Splash Mountain, one of Disney's most beloved theme park rides, is getting "reimagined" to distance itself from a film many have decried as racist. The company announced Thursday that the ride will now highlight the 2009 animated hit "The Princess and the Frog," which features Disney's first black princess.
Both Disneyland in California and Walt Disney World in Florida will re-theme their Splash Mountain rides, a plan that has been in the works since last year, Disney said. The current log flume ride, created in 1989, is based on the 1946 film " ."
The film, best known for its Oscar-winning song, "Zip-a-Dee-Doo-Dah," is about a young boy visiting his grandmother's plantation following the Civil War. It features stereotypical portrayals of African Americans and romanticizes the Antebellum South.
Disney has kept the film locked in its vault for decades, and it is not available to stream along with other classics on Disney+. Disney chair Bob Iger reportedly said it would never be available for purchase.
"I've felt as long as I've been CEO that 'Song of the South' — even with a disclaimer — was just not appropriate in today's world," Iger said in March 2019 during a shareholder meeting, according to The Hollywood Reporter. "It's just hard, given the depictions in some of those films, to bring them out today without in some form or another offending people, so we've decided not to do that."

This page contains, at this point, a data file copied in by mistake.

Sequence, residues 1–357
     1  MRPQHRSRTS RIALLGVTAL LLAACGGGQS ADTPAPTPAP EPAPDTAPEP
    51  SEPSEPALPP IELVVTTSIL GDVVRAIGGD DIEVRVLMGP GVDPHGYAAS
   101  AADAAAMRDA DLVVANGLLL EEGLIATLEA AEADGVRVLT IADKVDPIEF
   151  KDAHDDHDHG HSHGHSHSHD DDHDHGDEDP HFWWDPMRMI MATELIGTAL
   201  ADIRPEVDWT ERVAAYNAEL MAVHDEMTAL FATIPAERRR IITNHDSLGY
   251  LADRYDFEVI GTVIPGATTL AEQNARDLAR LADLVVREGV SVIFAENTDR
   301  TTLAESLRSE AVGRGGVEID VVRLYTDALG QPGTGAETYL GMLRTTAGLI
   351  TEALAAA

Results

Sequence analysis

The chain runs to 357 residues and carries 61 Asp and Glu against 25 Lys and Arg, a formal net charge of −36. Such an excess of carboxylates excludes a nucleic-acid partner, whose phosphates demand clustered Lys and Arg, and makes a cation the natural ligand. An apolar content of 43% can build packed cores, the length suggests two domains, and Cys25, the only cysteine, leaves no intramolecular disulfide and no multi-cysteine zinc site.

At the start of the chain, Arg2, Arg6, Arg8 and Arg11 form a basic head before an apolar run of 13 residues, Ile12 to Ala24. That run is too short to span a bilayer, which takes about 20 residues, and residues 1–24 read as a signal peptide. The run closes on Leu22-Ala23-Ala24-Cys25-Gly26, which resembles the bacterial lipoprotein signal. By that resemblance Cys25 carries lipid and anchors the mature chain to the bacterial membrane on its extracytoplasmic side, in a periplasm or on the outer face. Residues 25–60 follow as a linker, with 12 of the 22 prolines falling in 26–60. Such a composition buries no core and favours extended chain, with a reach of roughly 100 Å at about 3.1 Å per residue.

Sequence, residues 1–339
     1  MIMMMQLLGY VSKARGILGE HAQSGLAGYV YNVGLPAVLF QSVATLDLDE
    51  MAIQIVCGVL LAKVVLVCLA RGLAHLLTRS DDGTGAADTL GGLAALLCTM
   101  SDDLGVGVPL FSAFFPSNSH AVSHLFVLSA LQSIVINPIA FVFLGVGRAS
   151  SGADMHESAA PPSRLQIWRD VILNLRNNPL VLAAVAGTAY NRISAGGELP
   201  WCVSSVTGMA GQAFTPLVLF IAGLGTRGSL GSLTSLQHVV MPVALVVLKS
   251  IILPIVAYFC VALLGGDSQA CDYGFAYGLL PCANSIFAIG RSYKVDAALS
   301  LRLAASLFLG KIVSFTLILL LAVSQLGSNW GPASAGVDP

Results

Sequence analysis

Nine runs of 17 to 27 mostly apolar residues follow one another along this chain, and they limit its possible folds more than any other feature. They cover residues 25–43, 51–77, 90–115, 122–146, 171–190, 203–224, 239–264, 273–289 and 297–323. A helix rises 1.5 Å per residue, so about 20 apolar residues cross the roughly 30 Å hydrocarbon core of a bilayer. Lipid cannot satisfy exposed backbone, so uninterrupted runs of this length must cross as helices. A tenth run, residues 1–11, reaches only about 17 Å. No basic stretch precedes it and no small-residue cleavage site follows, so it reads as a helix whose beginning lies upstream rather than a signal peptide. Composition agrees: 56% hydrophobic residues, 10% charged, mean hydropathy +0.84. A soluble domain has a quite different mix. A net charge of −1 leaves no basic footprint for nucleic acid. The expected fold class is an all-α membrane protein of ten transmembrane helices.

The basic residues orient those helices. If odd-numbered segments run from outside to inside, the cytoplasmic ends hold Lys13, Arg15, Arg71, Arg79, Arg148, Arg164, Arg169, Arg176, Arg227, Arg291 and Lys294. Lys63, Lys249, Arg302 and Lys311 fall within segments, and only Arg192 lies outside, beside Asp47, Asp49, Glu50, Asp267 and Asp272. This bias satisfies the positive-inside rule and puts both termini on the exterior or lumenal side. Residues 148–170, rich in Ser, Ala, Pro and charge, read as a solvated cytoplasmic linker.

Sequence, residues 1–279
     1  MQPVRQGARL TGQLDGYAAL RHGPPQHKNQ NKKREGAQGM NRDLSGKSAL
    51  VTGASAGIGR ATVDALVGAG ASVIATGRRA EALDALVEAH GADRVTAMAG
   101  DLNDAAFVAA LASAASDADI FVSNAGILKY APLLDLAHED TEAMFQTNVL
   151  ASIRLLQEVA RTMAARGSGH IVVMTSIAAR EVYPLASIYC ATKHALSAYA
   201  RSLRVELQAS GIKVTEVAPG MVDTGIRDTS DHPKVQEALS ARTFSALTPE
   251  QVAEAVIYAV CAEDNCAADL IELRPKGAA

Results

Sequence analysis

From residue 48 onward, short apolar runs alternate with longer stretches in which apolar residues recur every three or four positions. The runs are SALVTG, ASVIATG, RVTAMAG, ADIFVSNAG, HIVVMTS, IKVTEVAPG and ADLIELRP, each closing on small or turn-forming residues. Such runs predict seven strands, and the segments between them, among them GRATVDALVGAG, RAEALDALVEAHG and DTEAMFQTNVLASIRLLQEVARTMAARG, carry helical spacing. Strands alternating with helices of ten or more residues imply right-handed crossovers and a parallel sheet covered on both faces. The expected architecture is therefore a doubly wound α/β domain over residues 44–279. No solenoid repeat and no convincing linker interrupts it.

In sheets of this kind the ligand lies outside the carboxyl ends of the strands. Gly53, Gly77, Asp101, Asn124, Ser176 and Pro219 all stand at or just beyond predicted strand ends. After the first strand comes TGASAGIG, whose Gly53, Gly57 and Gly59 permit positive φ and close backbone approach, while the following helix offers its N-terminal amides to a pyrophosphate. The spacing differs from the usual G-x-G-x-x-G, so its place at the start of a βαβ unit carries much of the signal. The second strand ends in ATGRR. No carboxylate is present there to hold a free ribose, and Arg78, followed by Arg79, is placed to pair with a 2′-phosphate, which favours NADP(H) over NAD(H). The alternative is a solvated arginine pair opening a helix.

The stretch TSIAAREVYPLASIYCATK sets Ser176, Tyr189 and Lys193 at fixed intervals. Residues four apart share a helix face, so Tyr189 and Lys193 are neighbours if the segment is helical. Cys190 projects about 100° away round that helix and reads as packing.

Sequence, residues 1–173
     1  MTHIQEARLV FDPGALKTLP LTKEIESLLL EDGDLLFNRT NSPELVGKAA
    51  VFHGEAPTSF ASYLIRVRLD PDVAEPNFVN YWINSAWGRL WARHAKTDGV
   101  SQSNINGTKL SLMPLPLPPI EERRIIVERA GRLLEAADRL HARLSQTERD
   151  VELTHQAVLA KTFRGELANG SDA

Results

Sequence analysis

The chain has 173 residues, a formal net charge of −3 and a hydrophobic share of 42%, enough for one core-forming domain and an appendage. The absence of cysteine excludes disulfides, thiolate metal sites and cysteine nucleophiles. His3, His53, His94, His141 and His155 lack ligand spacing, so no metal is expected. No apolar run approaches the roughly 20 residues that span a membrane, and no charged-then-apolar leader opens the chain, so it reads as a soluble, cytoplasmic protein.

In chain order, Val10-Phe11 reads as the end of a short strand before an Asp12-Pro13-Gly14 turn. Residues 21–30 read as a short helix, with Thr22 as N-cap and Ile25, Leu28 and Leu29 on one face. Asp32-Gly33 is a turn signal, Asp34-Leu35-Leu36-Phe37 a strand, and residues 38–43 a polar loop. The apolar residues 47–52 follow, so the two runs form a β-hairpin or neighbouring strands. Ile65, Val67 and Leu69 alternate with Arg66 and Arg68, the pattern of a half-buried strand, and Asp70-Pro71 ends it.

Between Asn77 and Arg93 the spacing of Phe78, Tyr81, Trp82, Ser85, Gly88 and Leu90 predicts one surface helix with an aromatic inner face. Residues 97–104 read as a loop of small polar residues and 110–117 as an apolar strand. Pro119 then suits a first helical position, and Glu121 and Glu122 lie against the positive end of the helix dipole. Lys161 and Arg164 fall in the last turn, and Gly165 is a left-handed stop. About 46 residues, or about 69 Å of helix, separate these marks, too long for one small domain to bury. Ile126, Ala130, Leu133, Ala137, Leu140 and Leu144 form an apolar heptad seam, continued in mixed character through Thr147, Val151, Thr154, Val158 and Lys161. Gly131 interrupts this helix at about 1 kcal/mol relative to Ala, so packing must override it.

Alternatively, fans have been begging Disney to more prominently feature the story of "The Princess and the Frog" for years. A recent petition for Tiana to be the new star of Splash Mountain garnered more than 20,000 signatures.
"Tiana is a modern, courageous, and empowered woman, who pursues her dreams and never loses sight of what's really important," Michael Ramirez, Disneyland Resort's Public Relations Director, wrote in a blog post on Thursday. "It's a great story with a strong lead character, set against the backdrop of New Orleans and the Louisiana bayou."
"In 1966, Walt himself opened New Orleans Square when it became the first new 'land' added to Disneyland park, so it feels natural to link the story and the incredible music of 'The Princess and the Frog' to our parks," he added.
Charita Carter, a black woman, is leading the redesign as the senior creative producer at Walt Disney Imagineering. "Like Princess Tiana, I believe that courage and love are the key ingredients for wonderful adventures," she said. "I am delighted to be a part of bringing this fun-filled experience to our guests."
"It is really exciting to know that Princess Tiana's presence in both Disneyland and Magic Kingdom will finally be fully realized!" Tony Award-winning actress Anika Noni Rose, who voiced the princess, said. "As passionate as I am about what we created, I know the fans are going to be over the moon."
The entertainment industry has made several changes amid the recent Black Lives Matter protests. NBC's "30 Rock" isfeaturing blackface, and "Gone with the Wind" now features a and hour-long discussion contextualizing the film's portrayal of African Americans.
Disney did not announce an opening date for the new ride, but said that "conceptual design work is well underway."